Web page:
River rafting addictive for guides and clients

Posted: Friday, June 25, 2004

WENATCHEE, Wash. Shelby Scott swore he wasn't coming back.

After two summers on the Wenatchee River guiding raft trips by day, camping or couch-surfing at night - the 27-year-old from New Mexico was ready for a change of scenery. When the snow melted at the Utah ski resort where he works in the winter, he planned to spend this summer guiding trips on Idaho's Payette River instead.

But Scott says he couldn't help it. Come spring, he packed up his Ford Bronco, strapped his kayak on top and headed to Leavenworth, where he joined scores of whitewater junkies who work as rafting guides each year.

''I just showed up,'' he says with a grin, catching a ride back to Leavenworth after spending the night at a friend's cabin in Plain. ''Here is big-water fun. Big, juicy waves. That's where it's at.''

To locals, they're mostly hidden from view glimpsed occasionally from the highway in the back of a brightly colored raft, or huddled together in the beer garden at Uncle Uli's Pub in Leavenworth.

But when the water runs high in spring and summer, a subculture with decades of history springs up along the Wenatchee River. For every commercial raft trip that goes down the river, there's an experienced guide who makes it happen.

Some live here year-round, with houses, families and wintertime gigs. Others are vagabonds just here for the season, sleeping in tents, orchard shacks or raft bottoms. There are full-time guides, and weekend warriors with Seattle office jobs.

Lester Stoltz, a 23-year-old guide who moved here two years ago from California, sleeps in the bottom of a raft or in a tent on Peshastin Creek during rafting season. His fellow guide, Adam Dodson, was doing the same until he moved in with his girlfriend.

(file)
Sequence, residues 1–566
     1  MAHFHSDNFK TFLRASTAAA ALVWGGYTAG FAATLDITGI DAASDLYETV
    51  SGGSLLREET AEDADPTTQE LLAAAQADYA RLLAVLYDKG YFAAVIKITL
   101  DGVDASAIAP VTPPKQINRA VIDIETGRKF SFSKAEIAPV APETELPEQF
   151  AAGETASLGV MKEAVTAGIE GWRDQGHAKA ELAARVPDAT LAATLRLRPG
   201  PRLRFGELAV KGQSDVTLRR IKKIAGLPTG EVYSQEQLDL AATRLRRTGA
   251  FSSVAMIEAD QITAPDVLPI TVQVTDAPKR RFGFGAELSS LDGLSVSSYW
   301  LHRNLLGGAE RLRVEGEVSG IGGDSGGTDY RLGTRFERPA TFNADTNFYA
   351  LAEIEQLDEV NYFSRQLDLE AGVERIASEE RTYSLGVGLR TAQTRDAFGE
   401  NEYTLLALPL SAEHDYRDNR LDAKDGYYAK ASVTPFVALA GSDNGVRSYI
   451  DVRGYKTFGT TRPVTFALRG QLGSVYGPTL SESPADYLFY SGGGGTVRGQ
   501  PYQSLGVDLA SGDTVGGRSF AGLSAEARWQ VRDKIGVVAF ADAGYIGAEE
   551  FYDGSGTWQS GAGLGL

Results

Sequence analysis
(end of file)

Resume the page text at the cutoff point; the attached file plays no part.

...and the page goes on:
''What do you call a guide without a girlfriend?'' Dodson jokes. ''Homeless.''

Most guides are in their 20s college students or ski bums, with a lot of swagger and little to lose. But some are hard-core locals with decades of experience. Working hard during the day, and often partying just as hard at night, they form a bond that cuts across age and geographic lines.

''It's family,'' says Emily Finn, a 26-year-old guide from Wenatchee. ''You have to trust the people you're on the water with. If something happens, you want them to help you out just like you'd help them out.''

She stands in the parking lot beside the river at Cashmere's Riverside Park at 8:30 a.m., sipping a latte and waiting for a Boy Scout troop to show up for the day's float. The truck she pulled up in is stuffed full of clothes, camping equipment and river gear.

Mostly, she says, guides live out of their cars. It's a chaotic life where you're never sure where you'll end up next shuttling between put-ins and take-outs during the day, making last-minute plans at night.

A full-time guide for three years at Alpine Adventures' Wild & Scenic River Tours, Finn says she makes enough to get by. The standard guide's pay at most companies is $55 to $85 a trip, plus tips.

''You basically live off the tips,'' she says. ''It's not a lot of money. But I get to wake up every day and say, 'I love my job.' ''

It's the Wenatchee River itself that pulls guides and their paying customers to the valley. Commercial outfitters say there are about 20 companies running trips on the river, with customers coming mainly from Western Washington.

There are no comprehensive statistics on how much the river gets used, but the stretch from Leavenworth to Cashmere is by far the most popular rafting route in the state, says Douglass North, a King County Superior Court judge and author of the book ''Washington Whitewater.''

Filled with moderately difficult Class III rapids with names like Suffocator, Snowblind and Drunkard's Drop, the Wenatchee offers whitewater thrills without the dangers of narrow canyons and log jams. Rafters get out and carry their boats around the most hazardous obstacle, Dryden Dam.

But any river can be dangerous. A guide's job is to keep passengers safe while thrilling them at the same time.